*This post is sponsored by Spielgaben and designed to demonstrate how their educational toys can be used in a science classroom or homeschool setting.
The heart is an amazing organ. It pumps blood throughout the body picking up oxygen and nutrients and delivering it to all the cells of the body. Then, it carries away waste products from those cells so that the body can get rid of them. This process ensures proper cellular function and the health of the body.
If the heart stops doing its job, the body will stop living. A healthy heart does its job constantly 24 hours a day 7 days a week without stopping, or without us even thinking about it. That is incredible, but it’s even more amazing than that.
To do its job properly, the heart needs to function like two pumps working together. This process is a bit complicated, so this is where a heart model comes in handy.
Related post: Circulatory System Study Resources
A Heart Model
We’ve been studying Human Anatomy and Physiology with Apologia Science this year with my son. The text does an excellent job of explaining how the heart functions, but I have found that when learning about complicated processes such as heart function, models can be very useful – especially models students make themselves.
We looked around the house for materials to use for our heart model. My daughter used clay when she did this study, but my son is more of a builder than a sculptor. He decided that our Spielgaben set had just the right materials in just the right colors. This is what he came up with.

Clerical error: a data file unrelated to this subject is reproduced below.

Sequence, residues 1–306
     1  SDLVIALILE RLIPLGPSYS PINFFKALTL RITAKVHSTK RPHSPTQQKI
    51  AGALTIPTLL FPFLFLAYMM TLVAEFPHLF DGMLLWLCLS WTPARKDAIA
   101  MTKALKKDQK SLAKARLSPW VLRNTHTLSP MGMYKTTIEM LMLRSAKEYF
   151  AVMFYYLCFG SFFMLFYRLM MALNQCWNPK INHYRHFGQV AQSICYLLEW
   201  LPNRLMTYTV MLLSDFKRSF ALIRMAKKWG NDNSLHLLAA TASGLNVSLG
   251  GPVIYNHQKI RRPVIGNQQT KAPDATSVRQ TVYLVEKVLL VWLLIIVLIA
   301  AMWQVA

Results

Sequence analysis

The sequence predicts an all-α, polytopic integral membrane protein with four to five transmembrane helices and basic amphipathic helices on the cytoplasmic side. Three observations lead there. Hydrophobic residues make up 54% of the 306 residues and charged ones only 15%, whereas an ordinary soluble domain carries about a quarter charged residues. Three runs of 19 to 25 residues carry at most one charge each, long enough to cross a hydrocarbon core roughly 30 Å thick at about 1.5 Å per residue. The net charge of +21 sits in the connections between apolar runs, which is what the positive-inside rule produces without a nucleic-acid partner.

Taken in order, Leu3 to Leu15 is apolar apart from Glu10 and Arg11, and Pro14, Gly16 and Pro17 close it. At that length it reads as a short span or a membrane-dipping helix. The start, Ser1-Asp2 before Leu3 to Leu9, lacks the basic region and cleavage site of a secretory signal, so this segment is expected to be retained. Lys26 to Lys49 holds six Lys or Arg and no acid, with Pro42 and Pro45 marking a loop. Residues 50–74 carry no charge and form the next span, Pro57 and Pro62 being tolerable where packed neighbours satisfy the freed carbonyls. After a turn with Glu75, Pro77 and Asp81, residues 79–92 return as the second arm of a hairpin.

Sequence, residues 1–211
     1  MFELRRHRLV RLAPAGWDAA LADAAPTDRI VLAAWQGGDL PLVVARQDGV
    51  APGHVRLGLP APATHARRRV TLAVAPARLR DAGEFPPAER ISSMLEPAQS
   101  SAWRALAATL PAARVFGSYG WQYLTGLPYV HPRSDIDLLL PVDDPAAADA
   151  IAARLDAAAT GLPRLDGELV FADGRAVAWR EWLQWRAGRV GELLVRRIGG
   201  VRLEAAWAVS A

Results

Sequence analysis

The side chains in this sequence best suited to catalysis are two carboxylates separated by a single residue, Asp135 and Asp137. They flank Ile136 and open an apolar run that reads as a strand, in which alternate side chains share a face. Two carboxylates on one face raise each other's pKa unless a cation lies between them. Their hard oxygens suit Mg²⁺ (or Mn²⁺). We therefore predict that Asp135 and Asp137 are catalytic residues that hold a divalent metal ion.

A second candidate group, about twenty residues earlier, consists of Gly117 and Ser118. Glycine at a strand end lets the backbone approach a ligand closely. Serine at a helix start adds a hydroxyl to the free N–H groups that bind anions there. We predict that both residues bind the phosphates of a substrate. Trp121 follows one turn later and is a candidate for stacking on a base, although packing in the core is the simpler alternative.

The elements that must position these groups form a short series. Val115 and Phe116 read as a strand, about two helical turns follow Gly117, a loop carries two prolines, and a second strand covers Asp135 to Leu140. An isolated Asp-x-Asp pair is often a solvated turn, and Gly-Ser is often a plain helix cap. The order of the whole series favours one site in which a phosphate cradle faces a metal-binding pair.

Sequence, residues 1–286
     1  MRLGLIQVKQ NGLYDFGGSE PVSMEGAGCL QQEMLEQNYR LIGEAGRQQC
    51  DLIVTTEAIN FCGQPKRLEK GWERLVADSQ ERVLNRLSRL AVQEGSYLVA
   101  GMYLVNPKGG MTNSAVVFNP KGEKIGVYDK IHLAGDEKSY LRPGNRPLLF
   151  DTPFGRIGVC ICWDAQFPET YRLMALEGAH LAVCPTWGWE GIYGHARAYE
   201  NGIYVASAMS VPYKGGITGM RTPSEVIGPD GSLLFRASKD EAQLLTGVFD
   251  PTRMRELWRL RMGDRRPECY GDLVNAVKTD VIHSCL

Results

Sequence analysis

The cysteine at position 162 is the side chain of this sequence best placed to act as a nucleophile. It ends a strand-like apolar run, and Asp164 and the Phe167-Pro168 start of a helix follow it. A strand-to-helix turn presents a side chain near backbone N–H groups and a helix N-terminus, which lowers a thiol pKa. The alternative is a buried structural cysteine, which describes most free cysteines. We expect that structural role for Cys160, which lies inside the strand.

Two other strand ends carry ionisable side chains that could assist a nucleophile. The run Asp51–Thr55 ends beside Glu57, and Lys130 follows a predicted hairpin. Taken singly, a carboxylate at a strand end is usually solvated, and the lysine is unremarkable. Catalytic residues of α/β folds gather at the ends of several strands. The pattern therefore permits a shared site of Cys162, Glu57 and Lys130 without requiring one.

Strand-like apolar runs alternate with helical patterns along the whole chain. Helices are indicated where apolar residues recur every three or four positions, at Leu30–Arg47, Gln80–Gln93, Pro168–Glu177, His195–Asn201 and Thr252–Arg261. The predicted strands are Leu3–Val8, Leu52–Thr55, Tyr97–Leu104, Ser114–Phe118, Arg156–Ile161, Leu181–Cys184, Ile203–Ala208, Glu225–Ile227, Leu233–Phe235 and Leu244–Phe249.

Related post: Spielgaben Educational Toys
The blue circles represent the oxygen-poor blood in the right atrium and ventricles. The red circles represent the oxygen-rich blood in the left atrium and ventricles.
The large blue bead at the top of the right atrium is the superior and inferior vena cava that brings blood from the body into the heart. The large blue bead at the bottom of the right ventricle is the pulmonary artery that sends oxygen-poor blood to the lungs.
The small half-circles at the top of the left atrium are the pulmonary veins that bring oxygenated blood from the lungs into the heart. The large red beat at the bottom of the left ventricle is the ascending aorta that sends the oxygen-rich blood from the heart to the rest of the body.
More Science Models
Using simple objects like those in our Spielgaben set that students are familiar with and letting them come up with a model on their own, allow them to make complicated things seem simple. Here are some other examples.